A shelter for hikers and tourists in the Rychlebské Mountains, a new bell tower, a fundraiser for sick friends. These are some of the projects organized last year by the children and students supported through Via’s Young Philanthropists program. We asked program manager Vendula Humlová to walk us through the program.
What are Young Philanthropists all about?
In the Young Philanthropists program, we encourage children and young people to help other people in need, their community or the landscape. Their stories then inspire others. The important thing is that the activity is mostly up to them and they can take ownership of the project. Girls and boys as young as 12 can do more than we can imagine, we just need to trust them and give them enough space. It can sometimes be a challenge for us adults not to “interfere” with them, but at the same time be ready to support and help when needed.
How long has the program been running?
This will be our ninth year. We’ve supported nearly 3,000 children and young people since the program began.
And how long have you been doing it?
About three years. I came into the program at a time of considerable uncertainty because of the pandemic. The groups that had already received grants were in a really challenging place when schools closed and people had to isolate, yet most of the groups persevered and were able to carry out their plans. A year later, the same thing happened again and so we tried to adapt the program. We started awarding very small grants of about $90 (CZK 2000). The aim was to get children and young people off their screens and doing something nice for themselves and others. We were surprised by how much interest there was and ended up making these small grants a permanent feature of the traditional program. This year, groups can apply for grants between $140 (CZK 3,000) and $900 (CZK 20,000).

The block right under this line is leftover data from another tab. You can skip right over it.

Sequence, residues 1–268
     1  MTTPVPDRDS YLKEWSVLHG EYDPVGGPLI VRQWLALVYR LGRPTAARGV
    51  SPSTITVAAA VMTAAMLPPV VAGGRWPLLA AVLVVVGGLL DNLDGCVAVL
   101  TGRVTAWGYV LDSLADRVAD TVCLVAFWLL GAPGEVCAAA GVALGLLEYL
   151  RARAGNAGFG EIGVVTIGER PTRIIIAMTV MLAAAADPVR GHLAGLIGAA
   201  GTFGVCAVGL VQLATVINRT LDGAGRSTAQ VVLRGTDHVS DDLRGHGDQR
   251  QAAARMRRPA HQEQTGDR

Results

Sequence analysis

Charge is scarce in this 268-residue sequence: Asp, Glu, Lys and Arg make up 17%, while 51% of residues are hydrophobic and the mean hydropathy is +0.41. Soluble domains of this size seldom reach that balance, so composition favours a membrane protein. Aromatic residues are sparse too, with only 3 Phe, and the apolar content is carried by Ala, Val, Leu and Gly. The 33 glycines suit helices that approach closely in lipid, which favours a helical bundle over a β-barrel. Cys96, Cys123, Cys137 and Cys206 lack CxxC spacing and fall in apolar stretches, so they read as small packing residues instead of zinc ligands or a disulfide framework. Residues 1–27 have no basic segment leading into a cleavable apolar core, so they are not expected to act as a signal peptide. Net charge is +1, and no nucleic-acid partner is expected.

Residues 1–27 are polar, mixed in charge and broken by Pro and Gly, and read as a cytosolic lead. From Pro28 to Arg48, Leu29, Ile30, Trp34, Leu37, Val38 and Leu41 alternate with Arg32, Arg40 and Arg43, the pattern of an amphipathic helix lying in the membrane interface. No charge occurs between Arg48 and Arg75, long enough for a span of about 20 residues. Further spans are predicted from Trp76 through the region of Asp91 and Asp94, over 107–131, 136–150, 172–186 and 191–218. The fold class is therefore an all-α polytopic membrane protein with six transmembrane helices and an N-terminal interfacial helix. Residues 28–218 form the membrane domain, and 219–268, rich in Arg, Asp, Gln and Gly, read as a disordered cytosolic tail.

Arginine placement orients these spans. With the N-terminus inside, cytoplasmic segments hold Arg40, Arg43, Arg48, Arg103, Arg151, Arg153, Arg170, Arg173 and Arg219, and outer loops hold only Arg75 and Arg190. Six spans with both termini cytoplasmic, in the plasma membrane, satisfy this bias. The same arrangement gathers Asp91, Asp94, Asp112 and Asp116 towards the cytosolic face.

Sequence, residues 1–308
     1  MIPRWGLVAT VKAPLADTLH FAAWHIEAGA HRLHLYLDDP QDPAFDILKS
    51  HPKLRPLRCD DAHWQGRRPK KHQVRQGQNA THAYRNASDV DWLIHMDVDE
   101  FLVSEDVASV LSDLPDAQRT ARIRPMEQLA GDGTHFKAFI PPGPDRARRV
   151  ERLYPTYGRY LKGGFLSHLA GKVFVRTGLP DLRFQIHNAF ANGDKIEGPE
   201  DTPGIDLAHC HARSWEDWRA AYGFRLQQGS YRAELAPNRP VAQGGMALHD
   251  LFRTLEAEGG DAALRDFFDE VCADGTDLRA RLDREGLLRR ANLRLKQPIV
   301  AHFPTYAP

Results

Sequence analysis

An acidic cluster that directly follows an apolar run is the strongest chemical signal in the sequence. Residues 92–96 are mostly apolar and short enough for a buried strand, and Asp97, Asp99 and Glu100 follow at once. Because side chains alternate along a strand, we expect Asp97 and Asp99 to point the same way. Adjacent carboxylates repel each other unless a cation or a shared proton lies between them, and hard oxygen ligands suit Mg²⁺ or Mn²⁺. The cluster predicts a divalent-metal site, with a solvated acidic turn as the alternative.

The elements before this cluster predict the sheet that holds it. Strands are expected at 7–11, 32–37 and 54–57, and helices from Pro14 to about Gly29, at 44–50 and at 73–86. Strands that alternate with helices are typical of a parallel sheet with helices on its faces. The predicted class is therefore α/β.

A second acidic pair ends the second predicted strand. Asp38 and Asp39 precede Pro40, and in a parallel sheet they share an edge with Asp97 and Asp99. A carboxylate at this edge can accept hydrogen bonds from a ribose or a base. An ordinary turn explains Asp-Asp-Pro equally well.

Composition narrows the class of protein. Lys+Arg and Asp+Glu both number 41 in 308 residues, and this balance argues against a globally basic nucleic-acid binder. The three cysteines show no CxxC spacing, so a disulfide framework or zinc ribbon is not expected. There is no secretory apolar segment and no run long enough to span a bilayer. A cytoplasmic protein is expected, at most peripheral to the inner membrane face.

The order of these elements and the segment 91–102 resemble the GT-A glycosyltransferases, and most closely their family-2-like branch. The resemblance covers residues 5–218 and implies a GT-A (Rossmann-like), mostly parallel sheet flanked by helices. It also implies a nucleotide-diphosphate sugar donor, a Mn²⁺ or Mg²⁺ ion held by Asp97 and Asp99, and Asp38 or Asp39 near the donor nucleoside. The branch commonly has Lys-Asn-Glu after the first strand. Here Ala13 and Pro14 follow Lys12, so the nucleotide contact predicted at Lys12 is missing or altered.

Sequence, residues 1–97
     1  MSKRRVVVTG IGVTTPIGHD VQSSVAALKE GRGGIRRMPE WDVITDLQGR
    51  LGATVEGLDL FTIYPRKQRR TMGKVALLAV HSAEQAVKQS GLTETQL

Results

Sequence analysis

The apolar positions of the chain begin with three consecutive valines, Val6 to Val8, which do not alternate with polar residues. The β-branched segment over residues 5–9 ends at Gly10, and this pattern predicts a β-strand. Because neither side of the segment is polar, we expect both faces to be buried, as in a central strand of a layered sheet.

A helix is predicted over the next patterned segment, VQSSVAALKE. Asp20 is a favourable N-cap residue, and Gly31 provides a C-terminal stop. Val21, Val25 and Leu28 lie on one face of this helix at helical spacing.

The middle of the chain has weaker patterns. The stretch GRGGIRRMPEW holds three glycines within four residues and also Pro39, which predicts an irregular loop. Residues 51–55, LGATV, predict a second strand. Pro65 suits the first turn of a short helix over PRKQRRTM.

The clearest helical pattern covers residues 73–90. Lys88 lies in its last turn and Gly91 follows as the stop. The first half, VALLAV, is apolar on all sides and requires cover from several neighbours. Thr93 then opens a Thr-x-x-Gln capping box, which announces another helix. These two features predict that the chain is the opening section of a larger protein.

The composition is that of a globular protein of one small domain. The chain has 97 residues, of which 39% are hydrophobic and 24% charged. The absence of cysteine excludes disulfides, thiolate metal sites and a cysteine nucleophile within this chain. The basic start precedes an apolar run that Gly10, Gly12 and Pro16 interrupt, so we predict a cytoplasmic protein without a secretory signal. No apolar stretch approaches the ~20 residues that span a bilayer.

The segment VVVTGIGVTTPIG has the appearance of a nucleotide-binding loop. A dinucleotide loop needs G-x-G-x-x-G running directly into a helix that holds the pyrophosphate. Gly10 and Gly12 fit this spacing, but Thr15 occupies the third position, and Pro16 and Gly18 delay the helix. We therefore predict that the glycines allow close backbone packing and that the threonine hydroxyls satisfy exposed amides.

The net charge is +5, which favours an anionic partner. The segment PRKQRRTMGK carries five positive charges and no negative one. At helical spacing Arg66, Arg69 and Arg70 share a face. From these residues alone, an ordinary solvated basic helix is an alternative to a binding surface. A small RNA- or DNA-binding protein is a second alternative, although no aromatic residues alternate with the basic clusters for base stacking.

Is there any way to describe the type of children/students who apply to the Young Philanthropists program? Do they have anything in common, family background, where they live, etc.?
At first glance they don’t have much in common and that’s a good thing😊. I really like the diversity of the groups, both in terms of age (from second grade kids to college students) and the diverse backgrounds they come from. The spectrum is very broad – everything from Montessori schools to high schools, special needs schools and mainstream elementary schools to children and young people from a children’s home or institution.
Groups don’t have to apply through schools – for example, a group of friends from Mělník signed up to restore a small area of shrubs that serves as animal habitat in the middle of the fields near their community. Or Tomáš, a 14-year-old boy who organized activities for Ukrainian refugee children and his peers from the city of Zlín. A group of young people from Vysoké Studnice organized a neighborhood fundraising event to raise money for the restoration of the organ in the local church. What unites the teams is their interest in their community and their desire to help.
What makes Young Philanthropists want to help?